Tripwire Survey: 72 Percent of Security Professionals Say Soft Skills Need Has Increased

Organizations want non-security functions like IT operations, risk management and compliance to get more involved in cybersecurity


Tripwire, Inc., a leading global provider of security and compliance solutions for enterprises and industrial organizations, today announced the results of a survey conducted by Dimensional Research that looked at the need for soft skills in cybersecurity. The survey was conducted in July, and its respondents included 315 IT security professionals at companies with over 100 employees.



According to Tripwire’s survey, 100 percent of respondents believe soft skills are important when hiring for their security teams. The three most important soft skills cited were analytical thinker (selected by 65 percent), good communicator (60 percent) and troubleshooter (59 percent). Tied for fourth place, “strong integrity and ethical behaviour” and “ability to work under pressure” were selected by 58 percent of participants.


Tim Erlin, vice president of product management and strategy at Tripwire;


“The cybersecurity industry should not overlook the soft skills that are needed to build a strong security program,”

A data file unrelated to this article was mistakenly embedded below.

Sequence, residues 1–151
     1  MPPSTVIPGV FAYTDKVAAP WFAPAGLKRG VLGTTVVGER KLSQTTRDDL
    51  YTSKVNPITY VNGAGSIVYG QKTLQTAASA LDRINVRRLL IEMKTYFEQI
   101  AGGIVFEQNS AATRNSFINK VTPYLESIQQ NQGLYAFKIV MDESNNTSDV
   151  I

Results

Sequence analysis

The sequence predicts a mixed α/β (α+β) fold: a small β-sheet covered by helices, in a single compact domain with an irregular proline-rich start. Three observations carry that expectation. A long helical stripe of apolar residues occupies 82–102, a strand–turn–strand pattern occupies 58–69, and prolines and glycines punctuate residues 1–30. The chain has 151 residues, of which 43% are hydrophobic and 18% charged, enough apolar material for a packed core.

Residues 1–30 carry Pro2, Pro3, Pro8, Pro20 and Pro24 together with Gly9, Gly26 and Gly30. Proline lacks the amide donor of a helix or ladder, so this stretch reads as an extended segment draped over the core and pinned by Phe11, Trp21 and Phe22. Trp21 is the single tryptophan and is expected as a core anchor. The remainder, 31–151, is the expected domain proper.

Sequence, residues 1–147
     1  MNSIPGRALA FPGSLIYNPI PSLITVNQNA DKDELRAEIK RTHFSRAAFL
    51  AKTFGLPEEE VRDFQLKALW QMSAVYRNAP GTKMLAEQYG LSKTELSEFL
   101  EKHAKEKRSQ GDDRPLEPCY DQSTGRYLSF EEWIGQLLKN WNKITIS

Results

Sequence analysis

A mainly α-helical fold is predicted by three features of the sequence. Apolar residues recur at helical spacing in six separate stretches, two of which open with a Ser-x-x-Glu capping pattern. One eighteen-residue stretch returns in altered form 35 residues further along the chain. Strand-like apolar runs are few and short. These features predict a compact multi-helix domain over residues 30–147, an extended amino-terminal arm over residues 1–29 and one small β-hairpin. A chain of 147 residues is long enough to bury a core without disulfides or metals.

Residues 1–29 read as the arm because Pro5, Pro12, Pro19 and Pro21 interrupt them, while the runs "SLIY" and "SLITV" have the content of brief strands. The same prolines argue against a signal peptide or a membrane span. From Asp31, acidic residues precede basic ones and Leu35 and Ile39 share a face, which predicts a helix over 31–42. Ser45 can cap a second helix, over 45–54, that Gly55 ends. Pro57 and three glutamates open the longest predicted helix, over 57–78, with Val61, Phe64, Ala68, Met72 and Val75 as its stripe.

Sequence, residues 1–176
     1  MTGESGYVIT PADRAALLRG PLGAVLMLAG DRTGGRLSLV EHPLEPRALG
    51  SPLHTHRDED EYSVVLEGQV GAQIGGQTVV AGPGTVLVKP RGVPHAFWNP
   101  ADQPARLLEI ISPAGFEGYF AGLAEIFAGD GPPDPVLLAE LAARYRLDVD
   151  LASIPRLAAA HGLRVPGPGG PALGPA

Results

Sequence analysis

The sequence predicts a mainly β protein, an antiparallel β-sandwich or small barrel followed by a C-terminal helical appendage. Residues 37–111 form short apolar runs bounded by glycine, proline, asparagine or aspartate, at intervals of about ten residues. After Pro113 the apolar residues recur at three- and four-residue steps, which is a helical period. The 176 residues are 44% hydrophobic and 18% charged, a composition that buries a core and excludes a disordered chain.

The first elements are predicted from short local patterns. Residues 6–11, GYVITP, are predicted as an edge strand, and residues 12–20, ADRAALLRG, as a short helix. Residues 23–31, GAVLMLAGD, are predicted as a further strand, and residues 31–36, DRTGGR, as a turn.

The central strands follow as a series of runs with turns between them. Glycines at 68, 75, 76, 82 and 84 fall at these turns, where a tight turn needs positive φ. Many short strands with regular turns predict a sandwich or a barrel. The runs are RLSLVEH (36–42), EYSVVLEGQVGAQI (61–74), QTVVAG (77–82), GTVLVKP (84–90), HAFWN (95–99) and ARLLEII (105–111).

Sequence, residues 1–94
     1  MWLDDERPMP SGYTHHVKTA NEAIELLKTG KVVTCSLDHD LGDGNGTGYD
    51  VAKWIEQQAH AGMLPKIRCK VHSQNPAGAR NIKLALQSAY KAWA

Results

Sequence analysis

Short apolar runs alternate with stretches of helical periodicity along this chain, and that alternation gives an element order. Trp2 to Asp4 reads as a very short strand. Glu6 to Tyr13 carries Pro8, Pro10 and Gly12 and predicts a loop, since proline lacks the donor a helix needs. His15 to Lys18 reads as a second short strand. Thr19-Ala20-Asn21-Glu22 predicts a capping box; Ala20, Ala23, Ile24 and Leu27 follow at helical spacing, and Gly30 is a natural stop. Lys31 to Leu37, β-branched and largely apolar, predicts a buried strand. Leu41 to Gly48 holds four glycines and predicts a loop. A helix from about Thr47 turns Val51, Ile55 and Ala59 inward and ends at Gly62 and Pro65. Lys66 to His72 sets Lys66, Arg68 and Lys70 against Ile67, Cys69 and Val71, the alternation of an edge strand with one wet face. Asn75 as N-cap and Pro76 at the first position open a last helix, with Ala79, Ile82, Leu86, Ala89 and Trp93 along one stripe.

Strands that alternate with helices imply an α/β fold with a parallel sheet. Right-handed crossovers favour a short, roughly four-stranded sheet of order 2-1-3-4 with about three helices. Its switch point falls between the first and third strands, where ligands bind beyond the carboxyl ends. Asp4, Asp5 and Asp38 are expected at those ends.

“The reality is that today’s security pros need to go beyond technical expertise. Security practitioners need to be good communicators who can connect cybersecurity issues to business priorities, rally the rest of the organization to get involved, solve tough problems and handle sensitive issues with integrity.”


Respondents were also asked if the need for soft skills has changed over the last two years, with the following results:

  • Seventy-two percent said the need had increased.
  • Twenty-one percent said soft skills are actually more important than technical skills when hiring staff.
  • Seventeen percent expect to hire people without security-specific expertise over the next two years.In addition, nearly all respondents (98 percent) believe non-security functions need to be more involved in cybersecurity in the future. Of those, 74 percent said IT operations needs to be more involved, 60 percent said risk management, 53 percent said compliance and 45 percent said legal needs to be brought into the fold. Other mentions included human resources (32 percent) and marketing (11 percent).





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